Former Olympic sailor and three times Laser world champion Glenn Bourke is a hot favourite to win the Australian championships in the SB20 one-design sports boat class on Hobart’s River Derwent this weekend, following a strong victory in the Tasmanian title earlier this week.
Bourke is based at Hamilton Island but is helming the Victorian entry Red with Rob Jeffries and Jake Lilley as his crew. In a heavy wind series over two day, Red won the States with two wins and a second.
Racing ended on Thursday afternoon when pre-frontal westerlies hit 41 knots on the Derwent Sailing Squadron’s committee boat. Leading local sailor Nick Rogers finished second overall, helming Karabos, while former Farr 40 sailor Michael Cooper, steering Export Roo took third place on a countback from another Hobart boat, Wedgewood (David Graney).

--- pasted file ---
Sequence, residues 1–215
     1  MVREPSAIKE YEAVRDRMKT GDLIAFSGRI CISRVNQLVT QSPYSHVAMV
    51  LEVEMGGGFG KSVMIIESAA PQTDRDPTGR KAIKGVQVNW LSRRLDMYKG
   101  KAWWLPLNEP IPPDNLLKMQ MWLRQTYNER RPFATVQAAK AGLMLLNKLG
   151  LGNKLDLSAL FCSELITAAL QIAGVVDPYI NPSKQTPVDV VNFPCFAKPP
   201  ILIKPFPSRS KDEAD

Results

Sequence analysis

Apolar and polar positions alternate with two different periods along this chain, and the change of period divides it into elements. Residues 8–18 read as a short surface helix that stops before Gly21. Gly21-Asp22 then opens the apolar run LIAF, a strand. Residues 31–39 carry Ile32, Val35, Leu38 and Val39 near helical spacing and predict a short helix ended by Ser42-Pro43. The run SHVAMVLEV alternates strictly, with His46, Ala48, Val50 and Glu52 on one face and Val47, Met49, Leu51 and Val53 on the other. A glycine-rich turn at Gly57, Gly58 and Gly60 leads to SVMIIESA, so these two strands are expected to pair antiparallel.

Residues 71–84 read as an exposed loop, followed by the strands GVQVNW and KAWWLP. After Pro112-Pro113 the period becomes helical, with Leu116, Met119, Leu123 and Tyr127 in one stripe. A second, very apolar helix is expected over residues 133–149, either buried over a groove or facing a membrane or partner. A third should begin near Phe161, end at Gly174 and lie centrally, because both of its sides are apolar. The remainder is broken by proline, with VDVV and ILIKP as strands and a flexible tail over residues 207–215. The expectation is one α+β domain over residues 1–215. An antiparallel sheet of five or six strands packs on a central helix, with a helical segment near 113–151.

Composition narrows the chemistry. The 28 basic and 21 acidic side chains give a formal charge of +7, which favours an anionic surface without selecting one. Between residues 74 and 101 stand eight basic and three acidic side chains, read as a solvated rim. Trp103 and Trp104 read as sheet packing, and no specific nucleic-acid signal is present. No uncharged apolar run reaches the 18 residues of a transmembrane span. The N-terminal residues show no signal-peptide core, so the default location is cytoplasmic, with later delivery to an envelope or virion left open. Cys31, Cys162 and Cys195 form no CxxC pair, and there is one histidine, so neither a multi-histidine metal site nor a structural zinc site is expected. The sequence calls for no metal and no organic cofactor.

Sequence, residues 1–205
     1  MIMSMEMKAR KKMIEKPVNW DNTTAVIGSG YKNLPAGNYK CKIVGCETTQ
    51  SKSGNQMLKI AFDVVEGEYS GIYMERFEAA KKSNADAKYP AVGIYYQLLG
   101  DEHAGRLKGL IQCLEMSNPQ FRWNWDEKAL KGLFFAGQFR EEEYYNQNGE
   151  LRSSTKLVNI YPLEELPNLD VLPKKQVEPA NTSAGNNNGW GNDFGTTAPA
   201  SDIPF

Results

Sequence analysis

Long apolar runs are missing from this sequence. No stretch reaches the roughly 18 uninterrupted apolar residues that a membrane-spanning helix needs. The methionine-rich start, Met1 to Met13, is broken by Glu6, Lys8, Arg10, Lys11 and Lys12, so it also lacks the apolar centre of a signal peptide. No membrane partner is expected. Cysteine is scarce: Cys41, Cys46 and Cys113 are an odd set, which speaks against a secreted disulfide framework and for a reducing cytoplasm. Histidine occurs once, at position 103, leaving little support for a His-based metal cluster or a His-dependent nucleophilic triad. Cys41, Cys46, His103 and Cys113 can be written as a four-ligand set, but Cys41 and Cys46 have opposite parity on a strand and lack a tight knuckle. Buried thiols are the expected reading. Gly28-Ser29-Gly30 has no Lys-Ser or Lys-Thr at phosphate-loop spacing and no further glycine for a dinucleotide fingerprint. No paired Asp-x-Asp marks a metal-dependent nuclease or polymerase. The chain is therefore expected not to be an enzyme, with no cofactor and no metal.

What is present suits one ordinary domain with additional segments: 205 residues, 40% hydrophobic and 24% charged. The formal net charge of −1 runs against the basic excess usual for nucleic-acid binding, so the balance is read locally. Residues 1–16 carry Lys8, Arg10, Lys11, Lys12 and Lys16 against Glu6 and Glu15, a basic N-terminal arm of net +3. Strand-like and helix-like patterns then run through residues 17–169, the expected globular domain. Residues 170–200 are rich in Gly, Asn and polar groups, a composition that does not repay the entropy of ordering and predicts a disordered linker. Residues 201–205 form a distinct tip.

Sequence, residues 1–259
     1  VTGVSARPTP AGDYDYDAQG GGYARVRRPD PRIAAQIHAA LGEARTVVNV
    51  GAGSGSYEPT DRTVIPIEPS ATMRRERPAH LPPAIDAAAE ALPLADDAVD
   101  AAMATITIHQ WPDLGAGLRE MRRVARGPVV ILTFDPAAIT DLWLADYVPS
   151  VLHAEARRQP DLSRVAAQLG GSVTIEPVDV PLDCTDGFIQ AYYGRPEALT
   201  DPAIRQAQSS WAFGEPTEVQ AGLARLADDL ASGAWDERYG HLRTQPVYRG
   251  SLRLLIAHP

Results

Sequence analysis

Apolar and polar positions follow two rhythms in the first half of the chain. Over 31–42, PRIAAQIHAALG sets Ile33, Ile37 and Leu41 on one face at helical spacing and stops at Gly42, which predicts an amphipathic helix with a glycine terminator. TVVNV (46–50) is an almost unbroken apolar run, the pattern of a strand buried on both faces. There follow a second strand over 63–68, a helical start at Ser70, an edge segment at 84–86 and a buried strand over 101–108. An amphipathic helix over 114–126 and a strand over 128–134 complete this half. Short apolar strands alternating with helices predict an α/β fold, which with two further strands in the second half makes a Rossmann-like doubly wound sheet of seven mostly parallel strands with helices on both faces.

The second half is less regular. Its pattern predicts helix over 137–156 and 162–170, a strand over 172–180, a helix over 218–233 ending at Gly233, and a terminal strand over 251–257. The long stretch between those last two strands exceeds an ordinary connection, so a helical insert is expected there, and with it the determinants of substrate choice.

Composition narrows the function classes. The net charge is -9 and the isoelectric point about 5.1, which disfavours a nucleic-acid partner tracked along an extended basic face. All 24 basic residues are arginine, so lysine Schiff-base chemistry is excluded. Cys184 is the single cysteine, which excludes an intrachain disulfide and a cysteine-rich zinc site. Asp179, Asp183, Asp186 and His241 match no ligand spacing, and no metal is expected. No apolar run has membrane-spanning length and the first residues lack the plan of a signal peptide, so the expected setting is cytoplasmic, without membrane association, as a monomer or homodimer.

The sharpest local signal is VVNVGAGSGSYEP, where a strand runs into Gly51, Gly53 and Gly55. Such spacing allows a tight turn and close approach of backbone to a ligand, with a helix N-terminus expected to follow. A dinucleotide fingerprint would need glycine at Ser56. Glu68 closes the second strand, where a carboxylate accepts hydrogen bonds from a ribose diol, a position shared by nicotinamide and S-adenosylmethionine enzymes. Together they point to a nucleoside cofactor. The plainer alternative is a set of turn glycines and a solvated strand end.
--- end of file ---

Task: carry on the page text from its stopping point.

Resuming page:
Saturday’s racing in the SB20 championship will be seen on television world wide by millions of cricket fans, thanks to the World Cup match being played at Bellerive Oval on the eastern shores of the sweeping River Derwent.
Cricket Tasmania has asked the Derwent Sailing Squadron to set the windward/leeward race course within view of the cricket cameras to show a proactive River Derwent when the cameras from time to time taken in the background of the river, the city of Hobart and Mount Wellington (possibly even capped with snow following last night’s blizzard).
A fleet of 26 SB20s has entered the Nationals, the biggest one-design yacht racing fleet seen on the Derwent in years and potentially creating international interest in Hobart hosting the World championship over 2017 or 2018.
The local fleet now totals 24 boats, the largest in any Australian State, with strong fleets racing each week on the Derwent. Crews have moved from other classes such as Dragons, J24s and Farr 40 to enjoy the spectacular one-design racing offered by the Tony Castro-designed SB20 class.
Skippers and crews competing in the Nationals include both men and women and at least two crews of prominent Tasmanian teenage sailors.
From Peter Campbell